For hundreds of years the health and general wellbeing of people and their families have suffered due to the difficulties that social policy and welfare provision has been continuously faced with as a result of the persistence of poverty. This essay will explain and discuss the ideologies of the major political parties, how they have influenced the development of welfare and the effects they have had on social policies and social care provisions. It will explain how these ideologies were formed and how they are relevant in present day starting with the Elizabethan Poor Law right through to the ‘Middle way’ of the late twentieth century. The Elizabethan Poor Law 1598 continued through until amended in 1834. It was the earliest form of welfare state and was based on local church parishes. This provision mainly focussed on the poor and due to the fact there was no government at this time, the parish had full control. People of each parish would pay their local tax which they called the ‘Poor Rate’, this money was then paid out to people born within that parish in two ways. The first was called ‘Outdoor Relief’ and was paid to people who remained in their own homes. As a priority, it would cover the abled bodied poor and needy who were given the poor rate payments in exchange for work carried out on behalf of the parish. This money was also given to widows who received small pensions and had smaller bills paid. This form of benefit was based on need so it was means tested. This is much like the community care payments, top-ups and grants that we receive today. The second provision was called ‘Indoor Relief’, this funded people who could not work such as the sick or elderly who were moved into institutions such as alms-houses. This benefit was much like today’s incapacity benefit or what is now known as Employment Support Allowance. The ideologies of the time were that the poor and needy should be looked after within the parish as a part of people’s Christian duty to help their neighbours and accepting taxation for the alms-houses was a provision. The parishes were very accepting of the fact that some people were unable to look after themselves and that they require help for basic living needs. Due to each parish giving welfare to anyone who lived within it, people often moved from parish to parish collecting the poor rates, this was seen as undesirable as it broke the law of settlement. The law of settlement protected parishes from outsiders as it forbid anyone from moving between parishes collecting rates. If anyone was caught doing this, they would be liable for serious punishment and returned to their own parishes. These people, along with the unemployed were referred to as vagrants. These behaviours lead to the fear of vagrant’s culture. Although most attitudes towards welfare provisions were positive, Thomas Malthus a contemporary writer of the early 18th century had a great influence on upper class society. His controversial beliefs became publicised due to his literature on ‘The Principles of Population’ this not only influenced people of power but also influenced Charles Darwin’s theory on the Natural Selection. Malthus opposed the welfare system as according to him the system kept what he called ‘The Undesirables’ alive and he believed that eventually the world would become over populated and no longer have the capacity to feed itself. This lead to the opposition of the Christian duty to help people in need as he convinced the majority that these people were not worth helping and should be left to die from hunger and disease. Due to this, the welfare provision and poor law amended act 1834 ended Outdoor relief. The only relief available to able bodied unemployed individuals and their families was hard work, food and accommodation within workhouses. Due to the disgusting conditions of the workhouses people would only accept this eventuality as an absolute last resort as the aim of this act was to punish the poor and make them find work. The poor were now divided into two groups, the sick, disabled and widowed were classed as the deserving and the poor able bodied individuals were known as the undeserving. Poverty was seen as a result of the undeserving. Economic liberalism was the ideology of the coalition between the conservative and the liberal parties and was thought to give people economic freedom, essentially letting people make their own mistakes and offering no financial help. Although economic liberalism was supportive of government regulation to a certain degree it opposed government intervention. Philanthropy came from the ideology of individualism which is much similar to the more recent Thatcherism. It resulted in many positive changes and influenced attitudes towards why the poor were poor. One of the most famous philanthropists was Seebholm Rowntree, he amongst others improved working conditions and influenced changes such as mutual aid and unions. (Rowntree Society 2014) In 1850 Edwin Chadwick conducted a report on sanitary conditions due to a cholera epidemic. At this time people were not aware of germs, there were no clean water supplies or refuse services and so the government realised that something needed to be actioned to improve living conditions, this brought in further taxations. The report proposed to enforce the control of sewage, drainage and to offer a water supply for toilets and slaughterhouses. However, the public were against this as they were accustomed to these conditions due to their lack of education on what caused illness. When germs were finally understood, The Public Health Act finally proceeded in 1875 and it was made compulsory for local sanitary inspectors and medical officers to lay drains and sewers and to build reservoirs. There was resistance by the people of government control and interference as people wanted to look after themselves as the Public Health Act was about collectivism and stated that it was no longer about the individual, it was about the communities as a whole. Despite the resistance by the people, the conservative and liberal parties remained in power until the early 20th century. Social Liberalism was very much the ideology of the early 20th century. It indicated that the state should take some responsibility for the effects of poverty and the welfare of its people, this was to set a minimum standard of service. Individualism and self-help was still very much an important subject and people were still blamed to a certain extent for their poverty issues, however, the state was now addressing economic issues such as poverty, education and healthcare. Social progress was the topic rather than individual rights. The government prepared to place limited provision and in 1911 brought in the National Insurance Act. This was the first national scheme to give minimal unemployment and health benefits. Despite this, children and women were not entitled as they were seen to be dependent on men. In the 1920’s & 30’s extensions of pensions and health and unemployment insurances were brought in along with yearly medical inspections for children. At this point means testing begun and people were required to reveal all money they received in order to qualify for any benefits. These decisions were partly due to the fact that the country needed to get back on its feet after the war and were made between three parties. The liberal party ran from 1905 until 1922 and were responsible for the National Insurance Act, conservatives ran from 1922 for one year and then labour took over until 1929. The conservatives then came back into power for a further 5 years until power went back to labour until 1937 which was then passed back to the conservatives until 1945. In 1942 the prime-minister Winston Churchill commissioned William Beverage to compile a report on the possibilities of social security which was intended to relieve post war Britain of the desperation they had faced during the war and give them a sense of hope. (Society-Politics 2014) the ideology was to promote social equality and rights. The government was to take responsibility for people and tackle the needs of the country. A way of tackling this was the redistribution of wealth from the rich to the poor via taxation. Beverages report acknowledged 5 giant evils of poverty and the road to reconstruction. The first of the 5 giants was Want, this was tackled with an improved National Insurance Act and extended benefits to everyone in 1945. Disease was the second and this was combatted with the beginning of the NHS. This act provided free healthcare to everyone in 1948 and included doctors, hospitals, dentists, opticians, midwives, ambulances and health visitors. The third giant was Squalor, this was tackled with the Town & Country Planning Act 1947 which built 1.25 million council houses between 1945 and 1951. The Children’s Act 1948 also provided good homes and care for deprived children. The fourth giant was Idleness and so this report proposed the attempt to provide employment opportunities with the nationalisation of roads and haulage, railways and coal mining, this was called Marshall Aid and was intended to jump start the industries and create more jobs. The final giant was Ignorance, The Education act in 1944 was to provide free education for all. These were means tested and meant that the poorest were provided for. While these changes were implemented, Labour were in power from 1945 to 51, however, this was all part of the collective consensus in 1948 which meant all political parties needed to agree. Margaret Thatcher came into power when the Conservative party was re-elected in 1979 and poverty was the biggest problem she had to tackle. The ideology at the time was that people were dependant on the state and so Thatcher challenged this by stating “you get back what you give” and that “people have to work for their place in society” as our welfare was being used and abused by the British and internationals. In an effort to challenge this she made all entitlements means tested. Thatcher built more schools and colleges than any other prime minister as she believed that if people were better educated, they would serve better in society. Thatcher brought in multi-agency purchaser and providers and so social services grew. Thatcherism also known as New Right had a popular capitalism ideology that was about money and power for the people and less dependency on the state. This way of thinking improved the NHS due to doctors and hospitals etc. being given their own budgets so they no longer need rely on the government. This meant they had to buy into the services they wanted for their patients and so were more inclined to shop around and get the cheapest but best services possible. Thatcherism also brought in private health insurance due to the privatisation of companies, buying shares and the international market. In the 1970’s economic stagflation occurred, Thatcher sold off private sectors such as British gas and sold many council properties to private buyers but did not replace them - this was known as the winter of discontent in 1978-79. Thatcher was the longest serving member of parliament of the 20th century and although her practice was disliked by many, she relieved the country of the debt and disorder it was in. New Labour otherwise known as The Middle Way was meant to be a new way, a different way of thinking to old labour. The Middle Way ideology was about individualism unlike the collective ways of Thatcherism and was much more like the pre-Beverage thinking. However, Tony Blair agreed with Thatcher’s view that people who claim benefits needed to pull their weight in society and he wanted to break away from the tax and spend economy. His efforts were aimed at pulling together to tackle social exclusion and poverty. Blair created more jobs which boosted the economy, he introduced the first national minimum wage in 1999 and in 2003 tax credits to help the most disadvantaged. Gordon Brown followed by bringing in Child Tax Credits in the hope to reduce child poverty, although at the time these means tested benefits were difficult to implement with many people not getting what they should have, they are still effective forms of support today. It is clear that there have been many landmarks in the development of our Social care and Welfare system from the early influences of the Christian poor law on our modern day benefits such as the Community Care grants and incapacity benefits that working class Britain still claim today to the New Labour tax credits that help millions of families all over the country. One ideology that has been consistent throughout the centuries is the notion of taxing the more fortunate working individuals and distributing it to the needy. Although attitudes towards looking after our nation’s poor have differed throughout the years and through the changes in power, it has always been an effective system and therefor remains. References:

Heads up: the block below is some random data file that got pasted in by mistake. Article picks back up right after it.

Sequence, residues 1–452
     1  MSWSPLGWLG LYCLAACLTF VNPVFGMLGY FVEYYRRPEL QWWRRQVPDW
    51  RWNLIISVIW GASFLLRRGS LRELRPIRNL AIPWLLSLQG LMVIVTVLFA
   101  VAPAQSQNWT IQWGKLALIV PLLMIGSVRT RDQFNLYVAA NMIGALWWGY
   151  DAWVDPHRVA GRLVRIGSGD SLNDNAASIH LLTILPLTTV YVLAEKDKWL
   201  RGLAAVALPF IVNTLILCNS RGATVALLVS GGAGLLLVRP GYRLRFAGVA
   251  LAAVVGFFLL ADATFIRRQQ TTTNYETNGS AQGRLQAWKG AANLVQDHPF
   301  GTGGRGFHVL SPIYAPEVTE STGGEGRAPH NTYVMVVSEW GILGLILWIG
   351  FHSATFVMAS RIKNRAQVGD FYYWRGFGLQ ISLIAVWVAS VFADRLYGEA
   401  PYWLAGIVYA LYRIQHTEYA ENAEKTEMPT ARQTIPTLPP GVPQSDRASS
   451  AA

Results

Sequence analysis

The Rowntree Society. (2013). Seebohm Rowntree and Poverty. [Available:] http://www.rowntreesociety.org.uk/seebohm-rowntree-and-poverty/ [Last accessed] 1st March 2014. Society Politics. (2014). The Beverage Report. [Available:] http://society-politics.blurtit.com/65934/why-and-how-did-the-beverage-report-come-into-play-during-the-war [Last accessed] 1st March 2014.